I witnessed it on television. It was almost like I was there because I had played such a critical role in organizing, and I knew everybody there. I watched all the people there who rose to prominence — Frank “Big Black” Smith, L. D. Barkley, all the ones who became connected with that story — and I was amazed, because some of them were apolitical. But when that situation erupted, these people rose to the occasion.
The D Block yard where the uprising was organized was the yard where I organized. So everything that took place there, I was living it as I was watching it on TV.
It was a spontaneous event. It came, and all the people in there who were politically conscious and awake and aware of the circumstances they were in, they took control. You could see it. They were very well organized. They ensured the safety and security of the hostages.
They sat down with the commissioner and the arbitrators who came in. They brought the media in so that the public would know what was going on. They had a clear-cut list of demands, which is a critical piece in any kind of rebellion. When you rebel, the first thing the opposition wants to know is, “Well, what do you want?” So they had it all very well organized.
Everybody in that yard played their role, and they recognized the leadership they had there. It was the acknowledged leadership. It was the people that had done the organizing before the rebellion.
And then on September 13, the massacres took place.
Right. On prime-time TV — the whole word was watching. They slaughtered dozens of people. These people weren’t armed with anything. You watched them actually execute people.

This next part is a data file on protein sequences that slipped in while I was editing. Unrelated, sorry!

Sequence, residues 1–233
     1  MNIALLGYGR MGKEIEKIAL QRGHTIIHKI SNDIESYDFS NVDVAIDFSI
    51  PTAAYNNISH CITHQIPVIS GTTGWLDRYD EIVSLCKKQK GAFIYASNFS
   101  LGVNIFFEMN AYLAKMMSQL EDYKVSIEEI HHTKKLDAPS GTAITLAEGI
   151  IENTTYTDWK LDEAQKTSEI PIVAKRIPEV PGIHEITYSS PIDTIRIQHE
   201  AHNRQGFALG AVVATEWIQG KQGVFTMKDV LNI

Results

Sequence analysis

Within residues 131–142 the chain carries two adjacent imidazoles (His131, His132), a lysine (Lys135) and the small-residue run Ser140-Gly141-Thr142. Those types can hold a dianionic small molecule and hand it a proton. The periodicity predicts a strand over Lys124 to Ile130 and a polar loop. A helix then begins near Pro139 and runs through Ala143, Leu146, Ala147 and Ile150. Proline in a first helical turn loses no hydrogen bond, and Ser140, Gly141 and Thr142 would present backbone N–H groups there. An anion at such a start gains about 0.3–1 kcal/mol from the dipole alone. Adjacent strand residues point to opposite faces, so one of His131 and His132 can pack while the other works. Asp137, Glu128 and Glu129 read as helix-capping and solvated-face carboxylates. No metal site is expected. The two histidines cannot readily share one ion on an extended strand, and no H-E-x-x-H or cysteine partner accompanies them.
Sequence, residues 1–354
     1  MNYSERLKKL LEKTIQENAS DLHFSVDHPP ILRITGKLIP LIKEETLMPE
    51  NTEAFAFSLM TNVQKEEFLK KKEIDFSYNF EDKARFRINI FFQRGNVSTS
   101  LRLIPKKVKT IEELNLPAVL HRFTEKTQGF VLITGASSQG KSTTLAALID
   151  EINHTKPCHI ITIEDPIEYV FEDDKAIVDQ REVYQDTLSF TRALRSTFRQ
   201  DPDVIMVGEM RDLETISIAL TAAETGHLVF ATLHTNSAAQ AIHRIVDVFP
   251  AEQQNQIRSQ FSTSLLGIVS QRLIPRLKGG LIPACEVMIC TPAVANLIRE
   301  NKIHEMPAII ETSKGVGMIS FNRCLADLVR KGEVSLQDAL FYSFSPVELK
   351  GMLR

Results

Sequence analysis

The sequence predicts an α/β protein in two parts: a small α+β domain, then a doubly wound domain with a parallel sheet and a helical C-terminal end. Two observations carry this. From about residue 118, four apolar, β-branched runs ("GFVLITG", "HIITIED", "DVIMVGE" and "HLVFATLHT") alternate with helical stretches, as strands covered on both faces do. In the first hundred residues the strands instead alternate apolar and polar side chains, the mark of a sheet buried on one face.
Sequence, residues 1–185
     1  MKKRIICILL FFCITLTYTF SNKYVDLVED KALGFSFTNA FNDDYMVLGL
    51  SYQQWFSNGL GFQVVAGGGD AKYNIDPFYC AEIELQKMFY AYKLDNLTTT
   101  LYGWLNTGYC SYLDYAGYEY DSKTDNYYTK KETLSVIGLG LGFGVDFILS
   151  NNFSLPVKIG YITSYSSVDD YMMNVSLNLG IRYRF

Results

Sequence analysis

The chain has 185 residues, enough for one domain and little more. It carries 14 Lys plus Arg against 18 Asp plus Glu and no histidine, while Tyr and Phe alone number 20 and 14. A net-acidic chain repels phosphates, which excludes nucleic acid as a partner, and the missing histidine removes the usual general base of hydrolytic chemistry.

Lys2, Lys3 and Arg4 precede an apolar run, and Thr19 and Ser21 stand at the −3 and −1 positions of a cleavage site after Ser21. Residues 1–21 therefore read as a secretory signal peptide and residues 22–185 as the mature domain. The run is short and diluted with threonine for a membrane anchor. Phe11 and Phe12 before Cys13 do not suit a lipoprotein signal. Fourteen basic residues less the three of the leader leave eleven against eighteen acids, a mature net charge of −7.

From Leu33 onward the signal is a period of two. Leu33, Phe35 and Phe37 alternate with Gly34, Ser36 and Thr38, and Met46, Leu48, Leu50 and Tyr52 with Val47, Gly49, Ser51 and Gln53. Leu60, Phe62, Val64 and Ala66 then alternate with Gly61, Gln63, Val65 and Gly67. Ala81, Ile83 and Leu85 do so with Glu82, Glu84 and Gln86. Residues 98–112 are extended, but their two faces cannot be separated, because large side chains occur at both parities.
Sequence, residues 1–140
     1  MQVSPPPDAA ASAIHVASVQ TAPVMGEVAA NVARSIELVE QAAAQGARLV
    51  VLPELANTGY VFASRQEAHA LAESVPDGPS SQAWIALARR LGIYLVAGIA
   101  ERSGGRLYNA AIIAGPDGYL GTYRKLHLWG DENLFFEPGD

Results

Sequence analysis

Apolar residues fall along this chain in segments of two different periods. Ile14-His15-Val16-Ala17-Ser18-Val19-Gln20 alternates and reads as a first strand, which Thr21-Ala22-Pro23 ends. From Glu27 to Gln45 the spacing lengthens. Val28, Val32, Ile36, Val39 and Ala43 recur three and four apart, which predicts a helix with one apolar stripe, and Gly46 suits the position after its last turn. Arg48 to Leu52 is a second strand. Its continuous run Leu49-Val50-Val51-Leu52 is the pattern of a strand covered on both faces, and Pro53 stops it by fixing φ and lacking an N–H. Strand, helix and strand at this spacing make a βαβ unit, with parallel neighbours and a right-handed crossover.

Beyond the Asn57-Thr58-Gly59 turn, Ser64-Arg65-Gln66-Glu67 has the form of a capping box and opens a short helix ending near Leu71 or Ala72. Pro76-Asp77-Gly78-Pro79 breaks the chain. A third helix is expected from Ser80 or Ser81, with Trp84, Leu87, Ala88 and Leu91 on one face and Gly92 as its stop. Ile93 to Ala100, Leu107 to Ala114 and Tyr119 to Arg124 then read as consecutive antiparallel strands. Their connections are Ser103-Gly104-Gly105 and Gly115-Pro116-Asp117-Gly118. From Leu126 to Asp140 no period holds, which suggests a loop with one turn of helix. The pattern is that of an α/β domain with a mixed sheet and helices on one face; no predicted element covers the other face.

The system was sending a message to prisoners all across the country and to revolutionary and nationalist forces all over the world: If you protest, we will kill you. The whole world could see what was going on there. It was a clear record of a mass murder.
What gains were won out of this struggle? And what challenges does the movement for prisoner justice face four decades on?
In the decade following the rebellion, all kinds of reforms came out: higher education, work release, medical release, contact visits, conjugal visits. At the same time, they pacified the prison population, and they began expanding it. The drug war was the main policy they used to do that.
They did the same thing on the other side of the wall too: SDS, the Weatherman, they were subject to COINTELPRO. They knocked out the leadership and quieted those rebellions. So all the gains of the civil rights struggle, they stopped at the prison walls.
They started out with three hundred thousand prisoners in 1970 and expanded to what we have now — 2.4 million locked up in prisons and jails, and another 5 million under control of the criminal justice system.
Michelle Alexander’s book The New Jim Crow has given voice to the current crisis in the prison system and how we got here. You’ve called this book a “manifesto” for a movement against the new Jim Crow.
I’m totally impressed with the book. Once we had the passage of the Civil Rights Act and the Voting Rights Act in 1964 and 1965, those involved in the civil rights struggle declared victory. But they didn’t go over the prison walls.